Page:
‘Big Hero 6’ Review: The A+ Team
With dozens of superhero movies scheduled to come out between now and 2020, it would be completely understandable if all of us started to get a little fatigued by the genre. After all, how many times can we possibly watch people turn tragedy into victory by putting on snazzy costumes and punching bad guys in the face? Or rather, how many times can we possibly watch the same story play out over and over again with only superficial differences and still find ourselves inspired?
That’s a strain of thought permeating the public consciousness at the moment, but if movies as good as Big Hero 6 are still on the horizon, we have nothing to worry about. Isn’t that grand?
Big Hero 6 stars Ryan Potter (and a squadron of animators) as Hiro, a young super-genius who’d rather win black market robot brawls than go to school. When Hiro’s brother Tadashi (Daniel Henney, et al) introduces him to a super-college for robotics experts, Hiro finally becomes inspired to do something with his life. But no sooner than Hiro auditions with his latest invention – a swarm of telepathically-controlled microbots – does an explosion wreck the school, killing Tadashi in the process.
Devastated, Hiro finds himself in possession of Tadashi’s pet project: an inflatable robot named Baymax (Scott Adsit, et al), programmed for nursing. In an effort to make Hiro feel better, Baymax wanders off into the world and uncovers a conspiracy by a villain calling himself Yokai (Charles Adler, et al) to steal Hiro’s microbots for nefarious reasons. So it’s up to Hiro to upgrade Baymax and turn him into a crimefighter, a process that goes completely against all of Baymax’s programming.
Along the way, Hiro and Baymax are joined by fellow super-scientists Go Go (Jamie Chung), Honey Lemon (Genesis Rodriguez), Wasabi (Damon Wayans, Jr.) and also Fred (T.J. Miller), who isn’t so much a scientist as he is Pauly Shore. But although they are a colorful cast of characters who make an impression and are bound to sell a lot of toys, this is Hiro and Baymax’s story. Their teammates form more of an emotional support system than anything – none of them has a subplot of their own – and exist to fill out the increasingly grand action sequences that are perhaps best described as “squealingly exciting.”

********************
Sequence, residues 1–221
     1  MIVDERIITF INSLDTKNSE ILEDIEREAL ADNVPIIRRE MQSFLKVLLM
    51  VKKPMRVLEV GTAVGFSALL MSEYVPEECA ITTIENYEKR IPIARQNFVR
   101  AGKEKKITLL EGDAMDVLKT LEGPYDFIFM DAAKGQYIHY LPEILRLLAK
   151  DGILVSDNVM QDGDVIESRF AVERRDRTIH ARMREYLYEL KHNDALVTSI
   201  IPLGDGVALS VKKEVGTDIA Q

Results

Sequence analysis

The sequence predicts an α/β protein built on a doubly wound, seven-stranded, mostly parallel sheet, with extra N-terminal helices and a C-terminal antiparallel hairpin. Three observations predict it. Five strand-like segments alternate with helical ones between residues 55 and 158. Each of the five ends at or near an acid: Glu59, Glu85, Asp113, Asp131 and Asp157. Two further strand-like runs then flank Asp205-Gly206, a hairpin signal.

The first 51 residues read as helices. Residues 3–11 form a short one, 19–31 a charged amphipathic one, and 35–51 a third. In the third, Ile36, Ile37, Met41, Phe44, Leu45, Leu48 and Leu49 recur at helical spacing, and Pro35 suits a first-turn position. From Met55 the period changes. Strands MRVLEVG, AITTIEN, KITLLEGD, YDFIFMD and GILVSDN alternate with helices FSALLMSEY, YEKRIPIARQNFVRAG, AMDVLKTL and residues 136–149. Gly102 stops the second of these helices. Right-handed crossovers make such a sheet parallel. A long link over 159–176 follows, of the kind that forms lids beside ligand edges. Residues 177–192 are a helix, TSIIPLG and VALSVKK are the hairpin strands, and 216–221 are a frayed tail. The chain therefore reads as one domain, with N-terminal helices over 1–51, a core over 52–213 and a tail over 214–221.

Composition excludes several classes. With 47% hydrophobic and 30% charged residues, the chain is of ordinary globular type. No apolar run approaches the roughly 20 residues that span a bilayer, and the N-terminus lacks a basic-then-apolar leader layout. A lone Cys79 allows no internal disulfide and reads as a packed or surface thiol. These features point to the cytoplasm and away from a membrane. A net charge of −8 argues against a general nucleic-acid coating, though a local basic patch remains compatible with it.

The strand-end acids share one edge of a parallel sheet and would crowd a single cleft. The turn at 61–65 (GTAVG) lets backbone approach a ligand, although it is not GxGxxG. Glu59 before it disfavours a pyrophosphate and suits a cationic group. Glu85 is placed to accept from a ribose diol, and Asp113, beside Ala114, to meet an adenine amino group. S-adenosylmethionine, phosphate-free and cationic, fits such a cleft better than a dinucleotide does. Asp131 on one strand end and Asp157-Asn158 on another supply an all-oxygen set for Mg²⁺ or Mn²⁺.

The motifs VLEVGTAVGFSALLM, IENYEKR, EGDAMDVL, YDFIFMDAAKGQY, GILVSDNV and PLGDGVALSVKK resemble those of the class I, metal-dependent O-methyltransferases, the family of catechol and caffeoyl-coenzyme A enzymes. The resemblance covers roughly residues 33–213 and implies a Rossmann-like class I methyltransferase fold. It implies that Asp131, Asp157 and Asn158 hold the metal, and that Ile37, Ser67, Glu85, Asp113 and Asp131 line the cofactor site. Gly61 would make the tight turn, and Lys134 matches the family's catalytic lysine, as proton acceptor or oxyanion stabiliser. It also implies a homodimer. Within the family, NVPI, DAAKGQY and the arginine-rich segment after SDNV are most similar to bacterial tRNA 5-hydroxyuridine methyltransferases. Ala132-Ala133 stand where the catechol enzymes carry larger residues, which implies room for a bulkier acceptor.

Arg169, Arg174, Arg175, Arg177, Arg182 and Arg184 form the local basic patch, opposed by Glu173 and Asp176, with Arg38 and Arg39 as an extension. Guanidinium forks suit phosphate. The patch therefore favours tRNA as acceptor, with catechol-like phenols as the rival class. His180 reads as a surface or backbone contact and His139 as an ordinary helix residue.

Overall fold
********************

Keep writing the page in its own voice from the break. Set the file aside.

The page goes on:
And that’s a good thing. Big Hero 6 doesn’t try to accomplish too much in a single film, focusing its tale of derring-do on a young boy who tries to escape his understandable anguish. What do you do when someone you love dies? You try to keep busy, you keep your mind on work, and if that work just happens to put you in a position to take out your impotent rage at some point… you probably do that too.
Baymax is the perfect comedic and dramatic foil for Hiro; soft-spoken and slow when Hiro is excitable, absolutely forgiving and understanding of all the protagonist’s emotional lashings. He’s here to help, even when helping might not be what Hiro needs. As funny as it is when Baymax takes minutes to cross a room, even when evil robots are chasing him, it’s equally sad that Hiro latches onto the ultimate enabler even though family and friends are trying to coax him out of his misery organically.
It’s rare to see a hero in a superhero movie dig themselves as deep a hole as Hiro’s, and rarer still to seem them wallow in it, even momentarily. For all the fanciful superhero hijinks Big Hero 6 has to offer, for all the many hilarious jokes and genuinely breathtaking action sequences, what Don Hall and Chris Williams’ film captures best is the heartbreaking-turned-heartwarming emotional journey of its Hiro.
Big Hero 6 is a film that has everything: laughs, gasps, tears, and cheers. And for all its weird specific details, like setting itself in the fictional city of “San Fransokyo,” it’s the film’s ability to be universal that (ironically) makes it truly exceptional in a cinematic landscape increasingly full of films that, superficially, look and sound a lot like it.